The late Ringo Lam, who passed away after shooting his segment, marks the third action director to make a drama for Septet, and also the third to define his decade with a story of emigration. Trying to meet up with his wife and son, a returnee father loses himself in the central business district, as colonial landmarks have disappeared. By the time this short plays out, it becomes clear that the story of Hong Kong is only one of leaving, coming back, and passing by, echoing what’s happening outside the movie theater. The glory of Hong Kong was never going to last, as it never took root. When the family faces inconsolable loss, the matriarch urges her son (played by Lam’s own) to live a happy life, but we know it is a futile attempt. Many of the shorts so far have felt like didactic public service announcements, but this is the only one that feels insulting to the audience, as Lam literally labels the changes to Hong Kong’s skyline. The power of cinematic visuals is enough to make the point.
Conversation in Depth (dir. Tsui Hark)
Hong Kong steps into the future as Tsui Hark retreats into a futuristic, dystopian psychiatric hospital. As a psychiatrist interviews his patient, the patient keeps claiming identities like—you probably didn’t guess it—Ann Hui, Ringo Lam, and many more. As psychiatrist and patient and subjects and observers flip identities, Tsui suggests a world where doctors are sick, patients are healthy, right is wrong, and wrong is right. If Hong Kong is a psychiatric hospital with its loss of reason, by leaping into an endless rabbit hole of meta name-checking (the actors are even labeled on screen), Tsui perhaps diagnoses cinema as well and flips the relationship between performers and audience. Is that an excuse for his recent work? Known for his outlandish visuals and fantasies, Tsui has not lost an ounce of his creative wizardry, despite defecting to directing Chinese state propaganda.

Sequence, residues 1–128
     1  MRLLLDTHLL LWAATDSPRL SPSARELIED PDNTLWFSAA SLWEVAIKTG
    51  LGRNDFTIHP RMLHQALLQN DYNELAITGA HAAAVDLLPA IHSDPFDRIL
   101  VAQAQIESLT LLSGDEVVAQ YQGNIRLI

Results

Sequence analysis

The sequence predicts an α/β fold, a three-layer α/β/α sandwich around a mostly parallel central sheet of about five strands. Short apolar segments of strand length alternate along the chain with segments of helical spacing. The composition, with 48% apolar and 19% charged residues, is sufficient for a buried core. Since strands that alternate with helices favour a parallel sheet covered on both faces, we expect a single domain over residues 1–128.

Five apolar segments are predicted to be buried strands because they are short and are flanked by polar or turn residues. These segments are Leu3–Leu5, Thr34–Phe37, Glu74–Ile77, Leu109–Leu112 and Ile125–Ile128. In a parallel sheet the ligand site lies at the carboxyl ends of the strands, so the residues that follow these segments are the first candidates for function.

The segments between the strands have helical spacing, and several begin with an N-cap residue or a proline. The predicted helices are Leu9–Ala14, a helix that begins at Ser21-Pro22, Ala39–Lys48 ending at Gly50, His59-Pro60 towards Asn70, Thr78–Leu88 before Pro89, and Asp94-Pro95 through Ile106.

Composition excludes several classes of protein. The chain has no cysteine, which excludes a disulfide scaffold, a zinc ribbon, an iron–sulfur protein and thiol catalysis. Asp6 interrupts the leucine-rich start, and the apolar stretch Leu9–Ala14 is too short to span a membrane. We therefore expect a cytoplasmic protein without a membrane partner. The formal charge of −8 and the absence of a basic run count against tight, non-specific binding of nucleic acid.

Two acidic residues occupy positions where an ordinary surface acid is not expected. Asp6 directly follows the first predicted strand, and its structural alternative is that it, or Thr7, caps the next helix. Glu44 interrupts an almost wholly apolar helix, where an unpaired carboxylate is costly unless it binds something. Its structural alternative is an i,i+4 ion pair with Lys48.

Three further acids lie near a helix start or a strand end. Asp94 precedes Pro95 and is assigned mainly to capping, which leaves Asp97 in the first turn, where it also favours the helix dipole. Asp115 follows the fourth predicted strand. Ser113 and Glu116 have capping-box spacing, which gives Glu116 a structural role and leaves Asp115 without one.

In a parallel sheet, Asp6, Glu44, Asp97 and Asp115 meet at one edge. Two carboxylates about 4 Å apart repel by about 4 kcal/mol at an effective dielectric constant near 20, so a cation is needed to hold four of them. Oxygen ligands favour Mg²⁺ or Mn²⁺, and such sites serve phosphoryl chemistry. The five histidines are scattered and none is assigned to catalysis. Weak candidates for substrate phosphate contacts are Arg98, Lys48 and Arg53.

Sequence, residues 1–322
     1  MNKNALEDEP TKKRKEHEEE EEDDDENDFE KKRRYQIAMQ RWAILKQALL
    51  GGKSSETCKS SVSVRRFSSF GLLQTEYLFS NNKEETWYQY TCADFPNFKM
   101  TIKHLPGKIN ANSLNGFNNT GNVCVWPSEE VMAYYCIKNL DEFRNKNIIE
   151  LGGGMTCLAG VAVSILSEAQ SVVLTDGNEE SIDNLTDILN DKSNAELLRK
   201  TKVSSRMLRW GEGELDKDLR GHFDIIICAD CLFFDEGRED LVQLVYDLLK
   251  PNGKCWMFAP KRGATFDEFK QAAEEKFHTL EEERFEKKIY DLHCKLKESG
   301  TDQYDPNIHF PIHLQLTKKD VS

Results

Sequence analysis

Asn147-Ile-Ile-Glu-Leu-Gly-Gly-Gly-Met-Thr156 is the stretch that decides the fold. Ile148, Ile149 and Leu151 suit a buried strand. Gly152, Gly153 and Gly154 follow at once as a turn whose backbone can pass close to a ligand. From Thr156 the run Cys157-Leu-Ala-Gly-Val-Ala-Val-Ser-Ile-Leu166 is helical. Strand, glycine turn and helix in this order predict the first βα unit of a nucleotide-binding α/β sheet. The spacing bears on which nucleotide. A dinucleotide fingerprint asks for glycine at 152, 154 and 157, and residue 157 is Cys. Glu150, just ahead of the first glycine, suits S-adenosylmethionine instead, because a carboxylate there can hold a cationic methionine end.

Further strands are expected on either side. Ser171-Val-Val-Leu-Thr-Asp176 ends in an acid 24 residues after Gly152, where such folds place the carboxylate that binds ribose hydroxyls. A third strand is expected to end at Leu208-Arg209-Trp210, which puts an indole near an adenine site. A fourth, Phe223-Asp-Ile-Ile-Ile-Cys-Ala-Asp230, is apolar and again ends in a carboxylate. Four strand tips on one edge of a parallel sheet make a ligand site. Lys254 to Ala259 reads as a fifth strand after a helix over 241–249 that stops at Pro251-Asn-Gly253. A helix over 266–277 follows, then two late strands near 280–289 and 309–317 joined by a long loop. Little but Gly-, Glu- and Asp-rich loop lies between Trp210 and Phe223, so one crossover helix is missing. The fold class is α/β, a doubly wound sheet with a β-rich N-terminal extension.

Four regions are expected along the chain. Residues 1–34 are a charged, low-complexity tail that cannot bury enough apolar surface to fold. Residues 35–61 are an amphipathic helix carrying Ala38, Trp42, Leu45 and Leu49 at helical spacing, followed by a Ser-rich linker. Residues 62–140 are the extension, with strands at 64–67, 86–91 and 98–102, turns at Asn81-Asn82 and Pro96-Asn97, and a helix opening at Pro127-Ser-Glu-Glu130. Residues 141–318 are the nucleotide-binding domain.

For a “story of Hong Kong,” Septet remains surprisingly limited in genre. Whether it is by design or not, the seven masters, all in their 60s or 70s, have unilaterally taken a resigned tone. Not only do these shorts reflect the weary effects of aging and the toll Hong Kong takes on its inhabitants, but they also show the personal growth and evolution of these filmmakers who, except for Tam and Lam, have worked nonstop for decades.
One may argue that some of them have lost the boisterous energy that pushed their work to global recognition, but that energy needs to be passed to the youth anyway. As defined by the masters, Hong Kong is a place of perpetual transience, whether it is culture, opportunity, and even morality. These brief vignettes may not encompass great events, but nonetheless reach a core of Hong Kong. If the glory of these masters’ cinema was meant to fade away, then Septet is a respectable ride into the sunset.
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Septet: the Story of Hong Kong (Chinese: 七人樂隊)—Hong Kong and China. Dialog in Cantonese and English. Directed by Sammo Hung, Ann Hui, Patrick Tam, Yuen Woo-ping, Johnnie To, Ringo Lam, Tsui Hark. First released October 17, 2020, with Hong Kong theatrical premiere on July 28, 2022. Running time 1hr 51min. Starring Sire Ma, Francis Ng, Timmy Hung.